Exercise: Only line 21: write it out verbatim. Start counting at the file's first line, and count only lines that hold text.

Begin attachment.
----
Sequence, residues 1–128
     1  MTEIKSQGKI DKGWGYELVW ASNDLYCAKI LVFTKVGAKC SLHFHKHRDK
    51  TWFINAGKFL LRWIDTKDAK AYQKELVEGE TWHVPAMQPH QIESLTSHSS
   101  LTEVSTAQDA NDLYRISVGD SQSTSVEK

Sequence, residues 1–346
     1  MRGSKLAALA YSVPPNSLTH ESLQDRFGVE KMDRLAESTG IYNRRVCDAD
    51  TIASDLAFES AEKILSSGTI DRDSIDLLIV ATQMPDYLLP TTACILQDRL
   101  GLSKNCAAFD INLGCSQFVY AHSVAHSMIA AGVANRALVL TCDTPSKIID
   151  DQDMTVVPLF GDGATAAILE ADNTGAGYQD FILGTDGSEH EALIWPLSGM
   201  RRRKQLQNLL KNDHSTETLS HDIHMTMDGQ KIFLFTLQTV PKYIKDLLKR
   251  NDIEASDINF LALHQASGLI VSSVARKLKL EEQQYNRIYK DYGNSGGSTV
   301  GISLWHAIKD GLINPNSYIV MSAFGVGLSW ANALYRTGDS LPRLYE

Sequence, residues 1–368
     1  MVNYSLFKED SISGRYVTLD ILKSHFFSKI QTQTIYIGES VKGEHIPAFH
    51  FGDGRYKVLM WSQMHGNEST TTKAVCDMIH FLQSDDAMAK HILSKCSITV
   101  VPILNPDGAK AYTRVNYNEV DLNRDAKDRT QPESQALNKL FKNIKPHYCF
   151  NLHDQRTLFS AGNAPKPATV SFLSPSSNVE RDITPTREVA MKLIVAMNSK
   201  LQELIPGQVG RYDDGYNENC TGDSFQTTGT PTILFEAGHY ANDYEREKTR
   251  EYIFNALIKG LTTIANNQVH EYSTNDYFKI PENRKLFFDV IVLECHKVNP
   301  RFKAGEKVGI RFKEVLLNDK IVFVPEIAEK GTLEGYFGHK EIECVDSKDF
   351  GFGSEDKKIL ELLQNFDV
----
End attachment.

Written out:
   351  GFGSEDKKIL ELLQNFDV